Greeted by an establishing shot so stunning, White God immediately built an atmosphere within me as we see our young protagonist Lili crossing an isolated bridge, soon followed by a pack of seemingly vicious escaped dogs. Mundruczo captures the moment immediately, leaving the viewer immediately fascinated by what events occurred for Hungary to feel this cold and broken. He pulls the time back and the chaos begins.
Sequences are filled with a general uneasiness, rather than the calmness scenes portraying an inseperable bond between Lili and her dog Hagen might suggest. It’s chilling in some respects, mostly through the way Mundruczo creates the mood with sharp cuts, and frequently with the moderation of sweeping long takes to help identify this mood.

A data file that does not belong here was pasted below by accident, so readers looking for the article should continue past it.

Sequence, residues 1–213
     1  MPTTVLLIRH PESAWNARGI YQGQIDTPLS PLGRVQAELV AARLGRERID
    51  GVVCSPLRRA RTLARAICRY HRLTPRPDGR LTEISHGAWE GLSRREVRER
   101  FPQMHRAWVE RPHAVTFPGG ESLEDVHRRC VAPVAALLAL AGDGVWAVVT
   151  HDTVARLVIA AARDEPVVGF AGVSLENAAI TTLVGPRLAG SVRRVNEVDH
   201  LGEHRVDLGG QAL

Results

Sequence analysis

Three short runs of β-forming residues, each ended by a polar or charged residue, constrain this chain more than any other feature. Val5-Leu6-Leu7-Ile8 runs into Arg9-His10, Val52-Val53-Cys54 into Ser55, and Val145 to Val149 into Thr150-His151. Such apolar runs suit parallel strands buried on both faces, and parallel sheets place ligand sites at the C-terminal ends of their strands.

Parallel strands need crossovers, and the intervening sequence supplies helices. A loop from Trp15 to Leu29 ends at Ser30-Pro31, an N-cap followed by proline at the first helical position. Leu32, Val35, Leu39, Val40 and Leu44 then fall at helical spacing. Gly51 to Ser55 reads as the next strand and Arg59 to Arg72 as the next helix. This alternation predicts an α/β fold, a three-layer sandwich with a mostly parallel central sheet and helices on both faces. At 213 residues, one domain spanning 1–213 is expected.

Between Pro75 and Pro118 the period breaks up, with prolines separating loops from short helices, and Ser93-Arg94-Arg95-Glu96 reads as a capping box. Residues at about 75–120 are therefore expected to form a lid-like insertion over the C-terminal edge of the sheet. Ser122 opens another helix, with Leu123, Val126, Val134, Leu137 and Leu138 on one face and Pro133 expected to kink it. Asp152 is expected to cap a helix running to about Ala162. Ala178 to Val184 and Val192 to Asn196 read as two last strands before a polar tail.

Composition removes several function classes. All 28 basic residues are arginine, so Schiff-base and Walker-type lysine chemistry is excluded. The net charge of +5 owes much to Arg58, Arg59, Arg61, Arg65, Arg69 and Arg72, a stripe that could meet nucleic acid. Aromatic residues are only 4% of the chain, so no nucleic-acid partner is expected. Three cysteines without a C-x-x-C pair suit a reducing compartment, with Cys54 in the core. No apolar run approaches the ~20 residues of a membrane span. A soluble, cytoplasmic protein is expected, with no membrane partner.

Hagen is soon thrown away by Lili’s father in a fit of rage. This is where the narrative changes and Hagen becomes the force driving it. He’s lost and quickly captured by several information, one of whom he is sold to and is pulled into the dog fighting ring. Sequences here, unlike earlier, feel brutal. There’s an insatiable rage boiling within each shot, channeling an intensity different to anything I’ve seen before.
White God studies this anger, identifying it through the obvious denotations of violence but equally through the connotative embodiment surrounding a political statement on animal rights. I won’t go in to it’s true meaning, but the real intelligence of its identity is clear to see if you look past the occasionally ridiculous nature of a film concerning an animal uprising and focus on the raw passion present within Mundruczo’s work.
I went into this hoping to be enthralled and Mundruczo didn’t let me down. I couldn’t tear my eyes from the screen. The final shot is a thing of beauty.